Filming lasted just 41 days - from August 24 to October 3, 1931 - at a cost of $291,000. Whale and cinematographer Arthur Edeson brought a German Expressionist style to the picture - all angular shapes and shadows - inspired by Robert Wiene's The Cabinet Of Dr. Caligari (1920) and Paul Wegener's The Golem (1920). (Kenneth Strickfaden's electrical effects and equipment, meanwhile, seem inspired by Fritz Lang's Metropolis [1927].) The film also takes on a strictly vertical aesthetic, from the watch tower steps which climb up, up, up to Frankenstein's laboratory, to the "creation" sequence (in which a cadaver is raised up through the ceiling into a lightning storm), to the climactic final sequence, atop a burning windmill.

Seen today, Frankenstein is far from terrifying. There's no musical score, for one thing, to help telegraph the scares (as background scoring was not yet an accepted practice in films). Karloff's halting, hulking mannerisms have also lost most of their bite, like a zombie that attacks you but doesn't eat you. During the 1930s, though, some material was deemed inappropriate for audiences. For its 1937 re-release, the Motion Picture Production Code forced the removal of several key moments, including Henry's line "Now I know what it feels like to be God!", a close-up of a hypodermic needle injection, and the latter half of a scene in which the monster throws a little girl into a lake, drowning her. (This footage would not be fully restored until its 1999 DVD release.) What the movie maintains from start to finish, however, is a solidification of theme - of man's insatiable ability to dabble in things he doesn't understand.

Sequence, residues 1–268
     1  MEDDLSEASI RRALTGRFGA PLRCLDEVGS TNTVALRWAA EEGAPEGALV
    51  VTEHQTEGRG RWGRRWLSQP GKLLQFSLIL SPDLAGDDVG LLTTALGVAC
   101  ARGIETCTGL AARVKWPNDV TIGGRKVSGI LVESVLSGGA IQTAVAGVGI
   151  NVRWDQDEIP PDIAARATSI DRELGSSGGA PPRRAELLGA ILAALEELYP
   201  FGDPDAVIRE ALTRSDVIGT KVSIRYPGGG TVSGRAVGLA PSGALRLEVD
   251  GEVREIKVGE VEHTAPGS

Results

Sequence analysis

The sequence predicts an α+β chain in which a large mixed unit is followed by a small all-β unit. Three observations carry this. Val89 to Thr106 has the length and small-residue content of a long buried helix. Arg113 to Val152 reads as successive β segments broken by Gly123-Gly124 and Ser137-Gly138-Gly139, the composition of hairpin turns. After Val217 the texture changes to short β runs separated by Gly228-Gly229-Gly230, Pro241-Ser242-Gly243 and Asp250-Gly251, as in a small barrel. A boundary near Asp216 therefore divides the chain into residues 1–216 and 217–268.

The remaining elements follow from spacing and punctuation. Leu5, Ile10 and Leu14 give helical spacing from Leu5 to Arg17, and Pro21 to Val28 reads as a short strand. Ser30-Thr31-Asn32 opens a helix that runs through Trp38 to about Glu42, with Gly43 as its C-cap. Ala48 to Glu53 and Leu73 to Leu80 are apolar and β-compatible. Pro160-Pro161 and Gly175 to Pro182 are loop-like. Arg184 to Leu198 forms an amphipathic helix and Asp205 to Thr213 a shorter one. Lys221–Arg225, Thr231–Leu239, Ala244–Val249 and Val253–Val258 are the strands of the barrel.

Bride Of Frankenstein followed in 1935. Whale initially refused to participate, but was able to infuse the sequel with his own personal wit (and, some would say, homosexual undertones) largely absent from the first movie. Karloff returned as well, speaking his first lines of dialogue as the monster ("Alone, bad. Friend, good!"). Though Whale would not be back for Son Of Frankenstein (1939), Karloff would play the part one last time, succeeded by Lon Chaney Jr., Bela Lugosi and Glenn Strange. Further remakes (including the Hammer Horror Films of the 50s-70s), redos (see Mary Shelley's Frankenstein, 1994) and parodies (Young Frankenstein, 1974) would try to usurp the throne, but none could hold a torch and pitchfork to the original.

(Note: For brevity's sake, I have included only Frankenstein, Bride Of Frankenstein and Son Of Frankenstein as part of this particular Face-Off, as Son is the last of an unofficial trilogy.)


The Original: Frankenstein (James Whale, 1931)

Cast: Colin Clive, Mae Clarke, Boris Karloff, Edward Van Sloane, John Boles, Dwight Frye, Frederick Kerr, Lionel Belmore

Plot: A scientist creates a living being from the spare parts of exhumed corpses, but the creature runs amok.